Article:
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*Involve them in the process of cooking. If your child helped prepare the meal, they are more likely to enjoy eating it.

*Children love to eat things on platters with toothpicks.

*Children love to forage for food! Take them apple picking and berry picking. We also love to collect fiddlehead ferns in the Spring.

*Explain to them the reasons behind your decisions.

*Lead by example. If those processed foods are not an option, they will start to enjoy real food more.

 

About Kathryn:

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Kathryn Kos is a Nutritional Therapy Practitioner (NTP)  through The Nutritional Therapy Association, and a Certified Lactation Educator/Counselor through The University of San Diego. Her undergraduate degree is in Movement Science from Westfield State College. Her Master’s degree is in Rehabilitation Counseling from Springfield College. She specialize in healing digestion, balancing blood sugar, balancing hormones, and autoimmune conditions. 

 

 

I am speaking at Paleo FX! Get your tickets here to see my talk!

 

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* Please note: This is a personal blog.  All data and information provided on this site is for informational/educational purposes only. It is not intended to be a substitution for professional medical advice.

 

 

 

 

 

Side Effects From Eating a “Low-Fat” Diet

fatfreepic

You may think you are being healthy by buying into the “low-fat” eating fad. Fat’s have become “evil” in the American culture.  Cut out fat and you won’t get fat, right? Not necessarily. We have been grossly misinformed primarily by marketing. According to a Weston A. Price article “Taking The Fear Out of Eating Fat “Our media-induced fear of fat in this country has created a market for over 15,000 reduced-fat products! These products completely fail to live up to their claims, not to mention that they don’t even taste good. Have you ever had a fat-free product that tasted better than the original? The fact is that when they remove the fat, they have to put something back in, and that “something” is usually more sugar, sodium, artificial flavorings, binding agents and other chemicals.”

Eating fat does not make you fat! Eating fat with excessive carbohydrates from sugars and refined grains will. Our bodies need fat in so many different ways. In fact, by eating little to no fat, one can expect to feel pretty yucky. You may experience blood sugar fluctuations and weight gain. Remember when trying to eat “whole foods” you want to eat the whole food. That means not removing nutrients that have an important biochemical role in the health of your body. Saturated fats are among these essential nutrients.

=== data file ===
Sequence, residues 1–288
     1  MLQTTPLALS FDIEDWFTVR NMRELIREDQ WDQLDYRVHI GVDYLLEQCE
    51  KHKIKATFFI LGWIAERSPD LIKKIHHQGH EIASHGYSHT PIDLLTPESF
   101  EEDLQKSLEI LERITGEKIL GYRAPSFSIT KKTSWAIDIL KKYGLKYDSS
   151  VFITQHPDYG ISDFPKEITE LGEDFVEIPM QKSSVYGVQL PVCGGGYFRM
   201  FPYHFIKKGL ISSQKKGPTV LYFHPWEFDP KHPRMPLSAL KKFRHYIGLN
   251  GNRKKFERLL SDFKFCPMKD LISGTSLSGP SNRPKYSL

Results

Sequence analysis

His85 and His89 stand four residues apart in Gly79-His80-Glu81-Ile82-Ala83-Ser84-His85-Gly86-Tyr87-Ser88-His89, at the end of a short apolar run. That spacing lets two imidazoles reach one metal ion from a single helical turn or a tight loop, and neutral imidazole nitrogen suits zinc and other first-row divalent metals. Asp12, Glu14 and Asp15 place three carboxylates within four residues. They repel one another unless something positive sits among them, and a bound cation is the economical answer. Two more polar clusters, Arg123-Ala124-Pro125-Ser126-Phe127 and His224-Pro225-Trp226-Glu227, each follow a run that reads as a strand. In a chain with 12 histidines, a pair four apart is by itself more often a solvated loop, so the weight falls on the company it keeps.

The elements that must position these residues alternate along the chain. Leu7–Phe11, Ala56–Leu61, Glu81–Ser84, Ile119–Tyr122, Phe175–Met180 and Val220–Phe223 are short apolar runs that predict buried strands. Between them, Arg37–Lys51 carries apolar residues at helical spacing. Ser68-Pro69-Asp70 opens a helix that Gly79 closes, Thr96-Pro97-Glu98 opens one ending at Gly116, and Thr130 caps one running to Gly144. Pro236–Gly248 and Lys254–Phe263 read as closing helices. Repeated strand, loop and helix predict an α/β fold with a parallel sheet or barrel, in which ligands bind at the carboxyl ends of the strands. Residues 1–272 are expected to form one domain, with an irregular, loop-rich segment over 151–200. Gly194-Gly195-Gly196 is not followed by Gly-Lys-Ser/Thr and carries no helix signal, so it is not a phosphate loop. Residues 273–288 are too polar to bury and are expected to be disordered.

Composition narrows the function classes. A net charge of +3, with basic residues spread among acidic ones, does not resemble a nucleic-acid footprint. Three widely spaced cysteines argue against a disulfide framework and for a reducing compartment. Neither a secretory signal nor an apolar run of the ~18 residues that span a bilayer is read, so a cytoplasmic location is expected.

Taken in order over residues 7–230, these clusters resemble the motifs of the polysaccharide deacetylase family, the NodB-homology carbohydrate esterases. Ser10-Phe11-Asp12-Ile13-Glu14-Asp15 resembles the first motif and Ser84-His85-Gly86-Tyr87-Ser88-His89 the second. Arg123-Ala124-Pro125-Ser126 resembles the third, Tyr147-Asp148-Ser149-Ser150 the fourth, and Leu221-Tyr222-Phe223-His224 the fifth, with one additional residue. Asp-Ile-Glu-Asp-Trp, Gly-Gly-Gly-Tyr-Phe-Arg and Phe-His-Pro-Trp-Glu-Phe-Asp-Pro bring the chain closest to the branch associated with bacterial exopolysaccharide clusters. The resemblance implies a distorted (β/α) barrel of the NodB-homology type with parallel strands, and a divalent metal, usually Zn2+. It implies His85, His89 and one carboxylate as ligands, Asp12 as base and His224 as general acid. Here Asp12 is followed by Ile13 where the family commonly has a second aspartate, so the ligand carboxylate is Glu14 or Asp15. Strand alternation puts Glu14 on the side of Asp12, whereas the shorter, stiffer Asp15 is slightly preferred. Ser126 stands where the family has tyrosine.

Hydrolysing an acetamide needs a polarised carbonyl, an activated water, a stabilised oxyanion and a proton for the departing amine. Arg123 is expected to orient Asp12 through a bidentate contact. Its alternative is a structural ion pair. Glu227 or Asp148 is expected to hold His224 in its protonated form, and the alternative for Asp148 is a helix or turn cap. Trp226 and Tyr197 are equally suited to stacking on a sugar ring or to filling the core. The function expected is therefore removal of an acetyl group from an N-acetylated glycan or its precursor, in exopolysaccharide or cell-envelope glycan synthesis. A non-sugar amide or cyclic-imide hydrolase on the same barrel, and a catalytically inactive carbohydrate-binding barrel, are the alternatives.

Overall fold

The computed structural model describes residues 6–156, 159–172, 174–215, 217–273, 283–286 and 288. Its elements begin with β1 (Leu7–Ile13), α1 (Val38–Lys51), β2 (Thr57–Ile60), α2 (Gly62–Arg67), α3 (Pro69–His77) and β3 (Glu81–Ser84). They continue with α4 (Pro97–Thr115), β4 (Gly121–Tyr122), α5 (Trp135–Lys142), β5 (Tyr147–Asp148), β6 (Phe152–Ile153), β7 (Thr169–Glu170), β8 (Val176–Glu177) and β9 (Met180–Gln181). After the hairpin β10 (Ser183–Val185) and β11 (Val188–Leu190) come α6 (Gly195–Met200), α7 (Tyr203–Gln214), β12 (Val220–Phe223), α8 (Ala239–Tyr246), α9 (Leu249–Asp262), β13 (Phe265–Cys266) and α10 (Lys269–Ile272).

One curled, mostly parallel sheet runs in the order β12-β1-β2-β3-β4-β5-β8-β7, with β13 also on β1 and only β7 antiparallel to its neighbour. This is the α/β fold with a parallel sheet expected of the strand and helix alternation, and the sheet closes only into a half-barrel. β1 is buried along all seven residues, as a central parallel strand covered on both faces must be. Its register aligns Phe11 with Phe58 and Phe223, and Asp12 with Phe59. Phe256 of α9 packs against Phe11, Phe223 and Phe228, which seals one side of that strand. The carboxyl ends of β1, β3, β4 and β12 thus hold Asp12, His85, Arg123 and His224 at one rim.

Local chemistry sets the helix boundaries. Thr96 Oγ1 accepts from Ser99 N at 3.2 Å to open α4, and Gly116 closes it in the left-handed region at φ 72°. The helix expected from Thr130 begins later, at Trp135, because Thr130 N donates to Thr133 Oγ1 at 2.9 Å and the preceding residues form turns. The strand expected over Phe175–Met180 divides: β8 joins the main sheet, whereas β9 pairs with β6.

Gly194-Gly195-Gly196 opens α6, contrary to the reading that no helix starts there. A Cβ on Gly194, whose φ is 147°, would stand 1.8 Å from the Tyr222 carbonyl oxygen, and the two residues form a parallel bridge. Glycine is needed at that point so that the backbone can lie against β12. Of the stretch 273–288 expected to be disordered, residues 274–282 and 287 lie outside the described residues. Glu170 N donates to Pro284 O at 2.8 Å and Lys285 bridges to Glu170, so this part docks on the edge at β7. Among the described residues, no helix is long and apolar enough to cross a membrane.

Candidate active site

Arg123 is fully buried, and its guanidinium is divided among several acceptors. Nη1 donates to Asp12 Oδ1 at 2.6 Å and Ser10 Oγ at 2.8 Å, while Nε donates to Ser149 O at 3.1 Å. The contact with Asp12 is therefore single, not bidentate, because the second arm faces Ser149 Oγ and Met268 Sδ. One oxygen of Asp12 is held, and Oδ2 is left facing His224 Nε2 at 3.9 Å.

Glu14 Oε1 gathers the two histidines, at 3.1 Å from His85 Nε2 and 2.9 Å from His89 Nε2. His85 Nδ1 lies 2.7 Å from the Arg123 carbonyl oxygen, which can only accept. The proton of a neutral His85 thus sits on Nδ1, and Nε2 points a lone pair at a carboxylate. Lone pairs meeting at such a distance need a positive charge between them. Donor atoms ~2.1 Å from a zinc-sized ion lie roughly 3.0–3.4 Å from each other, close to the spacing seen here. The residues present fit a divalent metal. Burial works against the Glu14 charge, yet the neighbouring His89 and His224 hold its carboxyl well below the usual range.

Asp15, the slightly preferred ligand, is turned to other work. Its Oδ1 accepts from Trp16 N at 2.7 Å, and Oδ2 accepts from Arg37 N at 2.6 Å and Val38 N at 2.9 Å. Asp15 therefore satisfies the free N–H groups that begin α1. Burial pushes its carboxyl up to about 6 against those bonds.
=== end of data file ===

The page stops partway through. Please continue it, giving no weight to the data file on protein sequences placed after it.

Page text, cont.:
Below is a list of side effects you may experience while being on a “low fat” diet. So please stop buying that “fat free” milk, stripped of all it’s important nutrients! When you see “low-fat” on the label, run the other way. The best way to avoid these items is to stop eating processed foods. Stick to the outside aisle at the grocery store-Stop dieting, and just eat real whole foods!

eat real whole foods instead

Weight Gain:
Expect weight gain on a low fat, high refined grain diet. Saturated fats such as butter, lard, coconut oil have a strong influence on metabolism! These fats help to release insulin. Fat keeps you full longer. Fats are satisfying and satiating.  When you avoid fat, you are hungry more frequently. Contrary to what you might think, humans are not designed to snack frequently. However, consuming a high fructose/refined grain and low-fat diet makes you more hungry so you tend to reach for more snacks. You consume more calories just to feel satisfied. Any meal or snack high in carbohydrates like fructose and refined grains generates a rapid rise in blood glucose and then insulin to compensate for the rise in blood sugar. The insulin released from eating too many carbohydrates promotes fat and makes it more difficult for your body to shed excess weight, and excess fat, particularly around your belly.

According to Mark Sisson from Mark’s Daily Apple, “It’s difficult to overeat on a high-fat, low-carbohydrate diet. Dietary fat in the presence of large amounts of dietary carbohydrates can make it difficult to access fat for energy, while dietary fat in the presence of low levels of dietary carbohydrates makes it easier to access fat for energy. Couple that with the fact that fat and carbs are easier to overeat together, and you have your explanation. In fact, studies have shown that low-carb, high-fat diets not only reduce weight, they also retain or even increase lean mass. That means it’s fat that’s being lost (rather than the nebulous “weight”), which is what we’re ultimately after. Eating a high-fat, low-carbohydrate diet is the easiest way to inadvertently eat less without sacrificing satiation or satisfaction. It also improves your ability to access stored body fat rather than lean mass, which is helpful for fat loss.”

Medium-Chain Fatty acids like those found in coconut oil have also been shown to boost metabolism and aid in weight loss. Medium-Chain Fatty Acids are immediately used for energy (are quickly digested and do not require bile to break them down) which, subsequently, increase metabolism. This is also known as “thermogenesis” or fat burning. The body becomes more efficient.

*If you want to feel full longer, and become lean and efficient, fuel up with saturated fats and get your carbohydrates from vegetable sources rather than sugary foods and refined grains


“Brain-Fog”/Forgetfulness: